Ireland introduced a comprehensive workplace smoke-free legislation in March, 2004. Smoking-related adverse birth outcomes have both health care and societal cost implications. The main aim of this study was to determine the impact of the Irish smoke-free legislation on small-for-gestationa- age (SGA) births.
Methods and Findings
We developed a population-based birthweight (BW) percentile curve based on a recent study to compute SGA (BW <5th percentile) and very SGA (vSGA - BW<3rd percentile) for each gestational week. Monthly births born between January 1999 and December 2008 were analyzed linking with monthly maternal smoking rates from a large referral maternity university hospital. We ran individual control and CUSUM charts, with bootstrap simulations, to pinpoint the breakpoint for the impact of ban implementation ( = April 2004). Monthly SGA rates (%) before and after April 2004 was considered pre and post ban period births, respectively. Autocorrelation was tested using Durbin Watson (DW) statistic. Mixed models using a random intercept and a fixed effect were employed using SAS (v 9.2). A total of 588,997 singleton live-births born between January 1999 and December 2008 were analyzed. vSGA and SGA monthly rates declined from an average of 4.7% to 4.3% and from 6.9% to 6.6% before and after April 2004, respectively. No auto-correlation was detected (DW = ∼2). Adjusted mixed models indicated a significant decline in both vSGA and SGA rates immediately after the ban [(−5.3%; 95% CI −5.43% to −5.17%, p<0.0001) and (−0.45%; 95% CI: −0.7% to −0.19%, p<0.0007)], respectively. Significant gradual effects continued post the ban periods for vSGA and SGA rates, namely, −0.6% (p<0.0001) and −0.02% (p<0.0001), respectively.
Citation: Kabir Z, Daly S, Clarke V, Keogan S, Clancy L (2013) Smoking Ban and Small-For-Gestational Age Births in Ireland. PLoS ONE 8(3): e57441. doi:10.1371/journal.pone.0057441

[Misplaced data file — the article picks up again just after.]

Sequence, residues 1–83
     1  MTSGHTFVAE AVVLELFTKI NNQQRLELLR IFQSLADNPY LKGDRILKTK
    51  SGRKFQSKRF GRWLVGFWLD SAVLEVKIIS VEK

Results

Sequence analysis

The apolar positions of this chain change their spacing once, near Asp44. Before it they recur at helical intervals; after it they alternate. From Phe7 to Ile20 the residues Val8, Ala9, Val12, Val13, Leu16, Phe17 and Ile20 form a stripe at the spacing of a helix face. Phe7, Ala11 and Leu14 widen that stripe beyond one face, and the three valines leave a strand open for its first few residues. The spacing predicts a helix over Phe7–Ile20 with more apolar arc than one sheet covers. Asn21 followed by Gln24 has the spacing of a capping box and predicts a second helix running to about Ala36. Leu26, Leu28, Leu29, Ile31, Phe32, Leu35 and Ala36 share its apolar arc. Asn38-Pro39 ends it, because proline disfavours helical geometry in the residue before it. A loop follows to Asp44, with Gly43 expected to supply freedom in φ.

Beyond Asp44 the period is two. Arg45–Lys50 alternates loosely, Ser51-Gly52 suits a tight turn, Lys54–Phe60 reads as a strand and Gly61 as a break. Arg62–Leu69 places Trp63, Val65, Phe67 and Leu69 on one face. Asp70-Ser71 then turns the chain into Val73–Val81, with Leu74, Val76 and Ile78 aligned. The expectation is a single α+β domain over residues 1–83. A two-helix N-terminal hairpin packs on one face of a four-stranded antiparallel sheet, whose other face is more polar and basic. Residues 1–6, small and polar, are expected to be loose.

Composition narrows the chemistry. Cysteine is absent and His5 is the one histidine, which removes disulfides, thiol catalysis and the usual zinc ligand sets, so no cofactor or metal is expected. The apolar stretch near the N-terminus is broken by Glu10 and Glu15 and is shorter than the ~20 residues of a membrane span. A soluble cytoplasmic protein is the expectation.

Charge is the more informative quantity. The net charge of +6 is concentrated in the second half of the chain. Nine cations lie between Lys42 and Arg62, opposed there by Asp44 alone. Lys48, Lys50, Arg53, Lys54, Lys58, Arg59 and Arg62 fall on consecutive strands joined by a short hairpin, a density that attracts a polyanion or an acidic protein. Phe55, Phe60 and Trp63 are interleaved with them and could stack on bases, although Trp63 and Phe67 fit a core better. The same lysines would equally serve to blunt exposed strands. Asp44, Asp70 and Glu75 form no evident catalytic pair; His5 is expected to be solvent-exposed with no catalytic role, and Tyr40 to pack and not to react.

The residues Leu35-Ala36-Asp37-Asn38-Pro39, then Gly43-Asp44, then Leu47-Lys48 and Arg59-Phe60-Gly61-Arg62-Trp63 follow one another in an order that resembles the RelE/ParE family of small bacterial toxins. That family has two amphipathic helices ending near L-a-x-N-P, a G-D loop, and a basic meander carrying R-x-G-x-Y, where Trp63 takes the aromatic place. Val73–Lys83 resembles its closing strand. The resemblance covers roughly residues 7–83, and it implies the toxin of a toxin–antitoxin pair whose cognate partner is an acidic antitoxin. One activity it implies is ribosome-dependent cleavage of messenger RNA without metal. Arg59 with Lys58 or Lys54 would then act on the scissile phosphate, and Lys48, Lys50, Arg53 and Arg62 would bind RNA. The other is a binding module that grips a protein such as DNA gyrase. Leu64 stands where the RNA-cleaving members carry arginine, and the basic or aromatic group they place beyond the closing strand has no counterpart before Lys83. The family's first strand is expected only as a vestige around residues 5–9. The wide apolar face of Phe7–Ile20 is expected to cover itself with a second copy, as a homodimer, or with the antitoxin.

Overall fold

Editor: Lynette Kay Rogers, The Ohio State Unversity, United States of America
Received: October 4, 2012; Accepted: January 21, 2013; Published: March 26, 2013
Copyright: © 2013 Kabir et al. This is an open-access article distributed under the terms of the Creative Commons Attribution License, which permits unrestricted use, distribution, and reproduction in any medium, provided the original author and source are credited.
Funding: Dr. Zubair Kabir has a Career Development Award supported by the Health Research Board of Ireland (PD/2009/34). The funders had no role in study design, data collection and analysis, decision to publish, or preparation of the manuscript.
Competing interests: The authors have declared that no competing interests exist.
Secondhand smoke (SHS) exposure is a Group I carcinogen and there is no risk-free safe level of SHS exposure . There is also substantial evidence that both direct (firsthand) and maternal exposure to SHS increase the risk of pregnancy complications , . Maternal smoking during pregnancy is an important modifiable risk factor and has both immediate and long-term health consequences. For instance, mothers who smoked during pregnancy have a two-fold increased risk of having low birthweight (LBW) babies compared to non-smoking mothers , . Many pregnant women continue to smoke, for example, one in five pregnant women continues smoking in Ireland .